Yesterday I took a walk in the cool sun of spring, and passed a lilac bush in bud. And then for all that evening, this line kept coming into my head:
When lilacs last in the dooryard bloom’d…
It is a cradle rocked by a loving hand;
It is feet moving in a dance: step Step, step Step, step-step Step, step Step…
How Nature can astonish us. Suddenly, in the 19th century, out of the American soil, out of the silence of the Quaker meeting house, out of the fields and meadows and the bustling young city, out of the helpless tears of Civil War, came Walt Whitman.
No one had seen his like before.
No one has seen his like since.
A completely different voice, as though a bird plain-feathered like its kin suddenly began warbling a throbbing new song unknown to all its kind.
When lilacs last in the dooryard bloom’d,
And the great star early droop’d in the western sky in the night,
I mourn’d, and yet shall mourn with ever-returning spring.
Ever-returning spring, trinity sure to me you bring,
Lilac blooming perennial and drooping star in the west,
And thought of him I love.
He shows us the painful deep wound healed only by time, yet never fully smoothed away:
O powerful western fallen star!
O shades of night–O moody, tearful night!
O great star disappear’d–O the black murk that hides the star!
O cruel hands that hold me powerless–O helpless soul of me!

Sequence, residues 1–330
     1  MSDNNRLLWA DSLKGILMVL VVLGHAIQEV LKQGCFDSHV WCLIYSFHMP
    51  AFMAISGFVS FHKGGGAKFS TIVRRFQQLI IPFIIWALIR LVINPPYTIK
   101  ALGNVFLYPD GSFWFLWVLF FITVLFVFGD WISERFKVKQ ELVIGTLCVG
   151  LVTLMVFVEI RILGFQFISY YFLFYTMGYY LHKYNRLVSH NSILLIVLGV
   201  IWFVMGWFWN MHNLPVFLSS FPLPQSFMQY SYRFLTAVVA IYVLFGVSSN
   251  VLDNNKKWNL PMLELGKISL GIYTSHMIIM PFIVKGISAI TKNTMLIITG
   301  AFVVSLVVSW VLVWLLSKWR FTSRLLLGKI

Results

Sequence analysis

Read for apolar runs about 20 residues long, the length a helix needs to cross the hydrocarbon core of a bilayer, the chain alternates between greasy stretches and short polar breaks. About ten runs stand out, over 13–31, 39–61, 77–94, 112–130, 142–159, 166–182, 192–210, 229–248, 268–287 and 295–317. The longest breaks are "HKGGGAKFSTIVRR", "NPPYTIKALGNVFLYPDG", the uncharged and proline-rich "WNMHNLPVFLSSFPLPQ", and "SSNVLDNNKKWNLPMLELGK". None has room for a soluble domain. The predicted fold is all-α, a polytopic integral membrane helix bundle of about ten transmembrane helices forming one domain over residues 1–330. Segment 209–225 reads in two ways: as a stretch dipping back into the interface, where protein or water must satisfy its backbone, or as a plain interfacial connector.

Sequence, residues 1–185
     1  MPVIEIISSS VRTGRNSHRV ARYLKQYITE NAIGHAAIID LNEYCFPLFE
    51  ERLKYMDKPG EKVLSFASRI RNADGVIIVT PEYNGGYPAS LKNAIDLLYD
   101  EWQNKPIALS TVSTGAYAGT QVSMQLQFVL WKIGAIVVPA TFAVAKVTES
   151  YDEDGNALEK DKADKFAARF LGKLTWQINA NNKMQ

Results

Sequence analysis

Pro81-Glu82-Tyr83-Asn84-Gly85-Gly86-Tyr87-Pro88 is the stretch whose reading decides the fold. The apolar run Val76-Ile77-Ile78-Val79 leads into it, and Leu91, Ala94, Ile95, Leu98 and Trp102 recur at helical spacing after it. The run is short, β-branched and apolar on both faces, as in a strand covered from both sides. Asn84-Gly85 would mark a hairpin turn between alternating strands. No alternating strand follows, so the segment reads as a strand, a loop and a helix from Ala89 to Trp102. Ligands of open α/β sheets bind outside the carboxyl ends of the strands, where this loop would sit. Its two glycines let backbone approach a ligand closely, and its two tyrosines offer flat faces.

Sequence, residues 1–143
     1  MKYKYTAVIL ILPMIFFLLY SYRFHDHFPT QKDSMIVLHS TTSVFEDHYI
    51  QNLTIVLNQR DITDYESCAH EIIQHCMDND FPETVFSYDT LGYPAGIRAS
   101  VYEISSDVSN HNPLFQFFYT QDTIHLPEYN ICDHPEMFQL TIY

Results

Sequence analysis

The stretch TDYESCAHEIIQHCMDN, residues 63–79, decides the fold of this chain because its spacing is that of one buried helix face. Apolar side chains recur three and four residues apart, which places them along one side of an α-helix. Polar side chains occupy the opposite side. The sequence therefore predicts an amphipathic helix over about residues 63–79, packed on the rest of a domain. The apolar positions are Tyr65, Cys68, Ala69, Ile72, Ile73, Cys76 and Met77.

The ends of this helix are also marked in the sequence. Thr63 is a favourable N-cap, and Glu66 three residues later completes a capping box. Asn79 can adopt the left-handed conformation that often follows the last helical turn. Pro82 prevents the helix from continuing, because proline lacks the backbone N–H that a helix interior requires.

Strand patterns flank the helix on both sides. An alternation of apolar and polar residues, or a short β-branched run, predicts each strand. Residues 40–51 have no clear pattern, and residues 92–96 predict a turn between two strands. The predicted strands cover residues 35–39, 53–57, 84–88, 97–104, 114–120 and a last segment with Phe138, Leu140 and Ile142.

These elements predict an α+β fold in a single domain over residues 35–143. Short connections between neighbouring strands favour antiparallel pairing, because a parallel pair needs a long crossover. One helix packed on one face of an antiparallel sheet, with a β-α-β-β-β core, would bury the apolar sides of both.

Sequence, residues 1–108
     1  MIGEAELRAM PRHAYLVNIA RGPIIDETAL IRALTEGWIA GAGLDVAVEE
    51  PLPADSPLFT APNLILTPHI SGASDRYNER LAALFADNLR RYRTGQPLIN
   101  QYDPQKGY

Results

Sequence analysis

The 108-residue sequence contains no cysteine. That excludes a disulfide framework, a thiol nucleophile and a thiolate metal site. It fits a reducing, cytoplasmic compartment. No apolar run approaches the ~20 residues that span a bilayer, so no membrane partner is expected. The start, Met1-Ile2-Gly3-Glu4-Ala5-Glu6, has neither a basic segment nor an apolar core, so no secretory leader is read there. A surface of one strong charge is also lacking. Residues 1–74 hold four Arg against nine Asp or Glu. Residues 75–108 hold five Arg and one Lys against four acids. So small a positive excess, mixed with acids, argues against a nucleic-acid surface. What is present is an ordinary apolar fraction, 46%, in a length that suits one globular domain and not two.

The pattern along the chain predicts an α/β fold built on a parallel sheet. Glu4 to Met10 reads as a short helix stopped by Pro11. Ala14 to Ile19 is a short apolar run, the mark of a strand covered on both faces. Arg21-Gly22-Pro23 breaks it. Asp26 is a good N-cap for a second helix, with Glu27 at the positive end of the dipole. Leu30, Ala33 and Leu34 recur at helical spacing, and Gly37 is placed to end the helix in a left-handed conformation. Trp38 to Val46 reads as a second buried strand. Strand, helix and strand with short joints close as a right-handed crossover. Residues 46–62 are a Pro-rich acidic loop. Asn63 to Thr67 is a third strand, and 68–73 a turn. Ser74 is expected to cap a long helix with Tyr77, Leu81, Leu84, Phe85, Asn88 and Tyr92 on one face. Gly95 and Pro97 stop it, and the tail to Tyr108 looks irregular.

O harsh surrounding cloud that will not free my soul.
He shows us peace and remembrance:
In the dooryard fronting an old farm-house near the white-wash’d palings,
Stands the lilac-bush tall-growing with heart-shaped leaves of rich green,
With many a pointed blossom rising delicate, with the perfume strong I love,
With every leaf a miracle–and from this bush in the dooryard,
With delicate-color’d blossoms and heart-shaped leaves of rich green,
A sprig with its flower I break.
What other poet of the time could have raised such an elegy? What other voice could have spoken in tone and varied cadence so fresh?
As that Whitman poem begins with a gentle to and fro rocking, so does this:
Out of the cradle endlessly rocking,
Out of the mocking-bird’s throat, the musical shuttle,
Out of the Ninth-month midnight…
And after more lines, the lilac again;
When the snows had melted—when the lilac-scent was in the air…
T.S. Eliot wrote:
April is the cruellest month, breeding
Lilacs out of the dead land, mixing
Memory and desire, stirring
Dull roots with spring rain.
But in his verse the lilacs are not seen by the gentle, loving eye, they put forth no fragrance to touch the heart and awaken it. Everything is barren, stony, meant for death. His is a bookish, cold, indoor spring of the mind that knows no softness nor sweet scent.
Thank goodness for Walt Whitman.